4 Awesome Reasons to Visit New Zealand’s North Island

new zealand north island

The country of New Zealand welcomes over 2.4 million international tourists each year due to its attractions of breathtaking scenery, national parks containing an extensive bird population and many flora, Maori culture, extreme sports, countless festivals, its Lord of the Rings association and much more besides! With the country spread across two islands – North Island and South Island – fitting everything that you want to see into your holiday itinerary is an incredibly tough task!

As someone who has visited New Zealand on several occasions, I have to say that I prefer the sights within North Island; the world’s 14th largest island and where 76% of the ‘Kiwi’ population resides. If you ever plan on taking North Island holidays then you just have to indulge in the following four activities…

Dig your Own Hot Tub at Hot Water Beach

Dig your Own Hot Tub at Hot Water Beach

Image accreditation: The Energy, Flickr

Located on the tip of North Island’s Coromandel Peninsula, Hot Water Beach comprises two volcanic fissures that keep the sea’s waters warm all year round. Those who visit this geothermal attraction are able to dig themselves a pit in the sand to allow deep hot water escape upwards and this creates a makeshift hot tub in which a person can sit and unwind.

The springs are contained within just a small area of the beach (opposite the offshore rocks) that becomes incredibly popular during the height of summer and as such it is recommended that you visit the site during the less tourism-heavy times of year to ensure yourself a spot. Visiting the beach during low tide will mean that you will have longer to enjoy your dug-out hot tub before the sea reclaims the beach. The temperature of the water can be as high as 64 degrees centigrade and so a visitor may have to dig in several places to find themselves a comfortable heat in which to sit.

Drive the Forgotten World Highway

Forgotten World Highway

Image accreditation: asgw, Flickr

The New Zealand State Highway 43 – or; the Forgotten World Highway – runs 158 km from the towns of Stratford to Taumarunui and is a sightseeing route more than it is a useful road (it takes a full three hours to drive along the road’s length without stopping). Along Highway 43 there are many intriguing ghost towns which date from the railways days (including Toko, Douglas, Strathmore, Marco) and their eeriness will see you feel as if you have stepped back in time!

The majority of people choose to drive the Forgotten World Highway simply for the rugged – yet beautiful – countryside that it comprises (I know that’s what attracted my husband and I).  The drive through the gorge is stunning and the Moki Tunnel (AKA; Hobbits Hole) is a popular feature. Turning off of the road just before the tunnel leads to the colossal, 74-metre long Mount Damper waterfalls which are also very worthy of tourists’ attention.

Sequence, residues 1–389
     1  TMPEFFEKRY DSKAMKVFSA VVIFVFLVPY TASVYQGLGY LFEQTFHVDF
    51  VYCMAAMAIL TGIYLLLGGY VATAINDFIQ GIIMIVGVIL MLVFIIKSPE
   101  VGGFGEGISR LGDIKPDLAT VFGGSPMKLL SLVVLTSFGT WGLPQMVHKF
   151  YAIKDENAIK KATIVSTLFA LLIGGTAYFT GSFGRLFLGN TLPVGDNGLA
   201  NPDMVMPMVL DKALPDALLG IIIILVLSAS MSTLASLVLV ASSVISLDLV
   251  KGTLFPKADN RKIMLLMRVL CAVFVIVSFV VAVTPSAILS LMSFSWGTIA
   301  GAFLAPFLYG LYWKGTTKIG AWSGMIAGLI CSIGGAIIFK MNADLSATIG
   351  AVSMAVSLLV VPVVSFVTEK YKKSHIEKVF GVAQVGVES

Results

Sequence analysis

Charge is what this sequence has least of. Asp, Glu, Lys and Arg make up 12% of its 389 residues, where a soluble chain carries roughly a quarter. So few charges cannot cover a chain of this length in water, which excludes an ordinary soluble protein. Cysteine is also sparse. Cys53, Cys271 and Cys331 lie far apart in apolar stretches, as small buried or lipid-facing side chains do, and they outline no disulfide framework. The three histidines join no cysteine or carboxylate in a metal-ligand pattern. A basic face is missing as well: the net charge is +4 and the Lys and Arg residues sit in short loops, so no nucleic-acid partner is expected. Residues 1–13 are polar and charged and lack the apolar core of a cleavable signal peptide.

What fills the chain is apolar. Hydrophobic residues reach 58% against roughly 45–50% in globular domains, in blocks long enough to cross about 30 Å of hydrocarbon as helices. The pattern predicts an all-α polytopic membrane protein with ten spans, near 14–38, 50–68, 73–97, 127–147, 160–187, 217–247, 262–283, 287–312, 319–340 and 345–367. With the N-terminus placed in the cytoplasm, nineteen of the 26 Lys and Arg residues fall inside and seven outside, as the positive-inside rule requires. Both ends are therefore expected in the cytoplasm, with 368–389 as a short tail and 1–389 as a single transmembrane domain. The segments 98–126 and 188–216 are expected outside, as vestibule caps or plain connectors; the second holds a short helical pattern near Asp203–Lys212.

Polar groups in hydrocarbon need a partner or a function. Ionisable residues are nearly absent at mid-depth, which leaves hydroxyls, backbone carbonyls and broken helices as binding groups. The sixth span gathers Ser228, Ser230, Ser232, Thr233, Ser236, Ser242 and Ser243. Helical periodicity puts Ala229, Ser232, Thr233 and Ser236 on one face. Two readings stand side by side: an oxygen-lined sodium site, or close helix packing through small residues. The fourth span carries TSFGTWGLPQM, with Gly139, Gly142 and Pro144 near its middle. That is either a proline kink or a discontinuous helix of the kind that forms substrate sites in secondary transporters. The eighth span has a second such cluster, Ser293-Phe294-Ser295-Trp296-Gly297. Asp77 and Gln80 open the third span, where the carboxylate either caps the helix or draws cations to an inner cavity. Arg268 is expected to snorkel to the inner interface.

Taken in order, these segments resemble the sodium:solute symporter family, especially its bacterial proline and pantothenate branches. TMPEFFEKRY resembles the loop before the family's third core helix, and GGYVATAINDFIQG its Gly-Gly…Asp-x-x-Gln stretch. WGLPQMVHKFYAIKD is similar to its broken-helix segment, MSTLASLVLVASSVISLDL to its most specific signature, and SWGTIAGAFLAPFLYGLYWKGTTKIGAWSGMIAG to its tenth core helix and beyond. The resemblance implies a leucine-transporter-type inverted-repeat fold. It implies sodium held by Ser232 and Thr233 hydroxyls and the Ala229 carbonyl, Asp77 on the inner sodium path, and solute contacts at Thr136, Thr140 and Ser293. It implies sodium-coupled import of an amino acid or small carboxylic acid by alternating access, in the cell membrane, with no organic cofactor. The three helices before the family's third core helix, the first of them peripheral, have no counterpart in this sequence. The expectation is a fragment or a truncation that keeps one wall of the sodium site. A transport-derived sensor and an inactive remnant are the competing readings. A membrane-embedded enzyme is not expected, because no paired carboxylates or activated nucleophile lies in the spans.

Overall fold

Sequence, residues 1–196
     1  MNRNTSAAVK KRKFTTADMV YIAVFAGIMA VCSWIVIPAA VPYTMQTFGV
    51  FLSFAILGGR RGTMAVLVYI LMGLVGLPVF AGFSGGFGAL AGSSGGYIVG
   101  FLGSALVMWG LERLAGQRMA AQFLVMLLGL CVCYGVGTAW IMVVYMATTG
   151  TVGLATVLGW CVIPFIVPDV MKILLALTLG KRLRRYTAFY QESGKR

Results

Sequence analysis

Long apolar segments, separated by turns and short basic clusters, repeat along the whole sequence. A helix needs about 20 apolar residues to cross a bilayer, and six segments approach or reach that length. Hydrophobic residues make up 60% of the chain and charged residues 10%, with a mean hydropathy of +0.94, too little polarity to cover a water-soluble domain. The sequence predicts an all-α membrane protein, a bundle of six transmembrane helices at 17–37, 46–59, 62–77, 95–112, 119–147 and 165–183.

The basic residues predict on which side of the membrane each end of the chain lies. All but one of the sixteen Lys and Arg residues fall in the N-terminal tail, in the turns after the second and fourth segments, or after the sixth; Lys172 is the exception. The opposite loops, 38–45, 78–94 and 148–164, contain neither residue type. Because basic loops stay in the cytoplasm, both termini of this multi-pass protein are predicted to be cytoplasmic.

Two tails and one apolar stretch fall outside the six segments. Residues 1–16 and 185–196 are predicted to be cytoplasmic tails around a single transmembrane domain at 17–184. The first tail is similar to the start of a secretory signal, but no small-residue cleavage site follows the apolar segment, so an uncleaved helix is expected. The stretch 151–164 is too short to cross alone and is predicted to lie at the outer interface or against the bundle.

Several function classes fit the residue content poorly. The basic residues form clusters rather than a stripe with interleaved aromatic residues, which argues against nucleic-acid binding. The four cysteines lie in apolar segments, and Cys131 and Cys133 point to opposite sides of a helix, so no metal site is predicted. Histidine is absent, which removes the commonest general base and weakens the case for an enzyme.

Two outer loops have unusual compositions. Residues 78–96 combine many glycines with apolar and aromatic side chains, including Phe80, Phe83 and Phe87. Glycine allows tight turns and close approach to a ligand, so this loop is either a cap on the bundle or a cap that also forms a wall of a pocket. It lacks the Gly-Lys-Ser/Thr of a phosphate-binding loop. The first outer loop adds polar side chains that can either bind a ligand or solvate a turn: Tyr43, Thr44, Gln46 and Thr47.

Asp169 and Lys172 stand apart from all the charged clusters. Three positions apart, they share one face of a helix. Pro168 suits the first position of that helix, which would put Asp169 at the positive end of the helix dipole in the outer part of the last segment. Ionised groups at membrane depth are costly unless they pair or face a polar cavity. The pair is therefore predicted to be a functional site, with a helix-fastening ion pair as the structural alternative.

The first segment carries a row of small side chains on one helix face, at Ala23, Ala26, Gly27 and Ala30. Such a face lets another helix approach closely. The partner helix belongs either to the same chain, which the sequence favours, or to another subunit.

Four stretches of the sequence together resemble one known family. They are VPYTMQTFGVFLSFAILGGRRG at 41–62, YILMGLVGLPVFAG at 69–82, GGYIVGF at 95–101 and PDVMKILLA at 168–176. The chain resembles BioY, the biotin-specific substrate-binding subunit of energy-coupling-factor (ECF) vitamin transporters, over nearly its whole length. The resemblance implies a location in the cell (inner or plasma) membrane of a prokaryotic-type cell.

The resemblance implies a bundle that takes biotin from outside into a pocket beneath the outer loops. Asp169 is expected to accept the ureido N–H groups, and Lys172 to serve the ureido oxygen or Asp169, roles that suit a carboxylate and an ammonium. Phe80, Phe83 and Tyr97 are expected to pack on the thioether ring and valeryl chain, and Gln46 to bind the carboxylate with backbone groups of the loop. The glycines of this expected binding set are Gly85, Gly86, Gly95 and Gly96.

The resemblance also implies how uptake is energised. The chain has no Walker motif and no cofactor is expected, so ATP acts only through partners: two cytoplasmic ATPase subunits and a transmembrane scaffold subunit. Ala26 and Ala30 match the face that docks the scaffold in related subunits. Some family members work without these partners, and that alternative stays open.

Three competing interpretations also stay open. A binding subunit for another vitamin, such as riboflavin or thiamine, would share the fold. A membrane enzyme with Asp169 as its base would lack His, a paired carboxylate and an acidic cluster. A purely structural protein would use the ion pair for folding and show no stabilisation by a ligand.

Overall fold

Much of the road’s length is not surfaced (the section through the gorge has no tarmac to be seen at all!) and minor rock falls have been known to occur. This means that visitors should ensure that their car hire allows travel down this highway before setting out.

Bodyboard at Ninety Mile Beach

Ninety Mile Beach

Image accreditation: Adamina, Flickr

Despite its name, Ninety Mile Beach (located on the far north of the island) is actually only 55 miles in length but don’t let this put you off from visiting this well-loved stretch. The gigantic northern sand dunes – which look as if they have been magically removed from an Egyptian desert and relocated to New Zealand – are the most popular feature of the beach for tourists and are often used for bodyboarding or “sand surfing” as it otherwise known.

Many tourists have never actually tried sand surfing before and as such will not own a board. This is not a problem however, for boards can be hired onsite for a $10 fee. If you happen to reach Ninety Mile Beach via the use of a local tour company’s services then this hire cost will be covered. It should be noted that tourists will zip down the dunes at a much greater speed at times following a lot of rainfall so brace yourself if the weather has been a little grim of late!

Dive to Witness North Island’s Sea Life at Tutukaka

North Island’s Sea Life at Tutukaka

Image accreditation: Koala: Bear, Flickr

Dive! Tutukaka is a company which offers diving adventures in the waters of the nature reserves of the Poor Knights Islands all year round. Just some of the sea life that you could stumble across should you choose to explore the 20 meter-visibility (average) waters includes manta rays, seals and endless species of fish (including sun fish), in addition to colourful coral and underwater caves. In addition, dolphins and orca and humpback whales can often be spotted from the excursion boat before the diving has even begun!

Anyone who has never dived before need not worry for the instructors are used to training and working with amateurs and the experienced alike. For those who are really nervous about diving, snorkelling – also provided by Dive! – is a great alternative. A packed lunch was also included in the price of our diving trip (you should enquire as to the packages that are on offer from Dive! ahead of your North Island holiday).


The author of this guest post – Anna Fitzgerald – loves North Island holidays and as such she takes holidays to New Zealand as often as she can.


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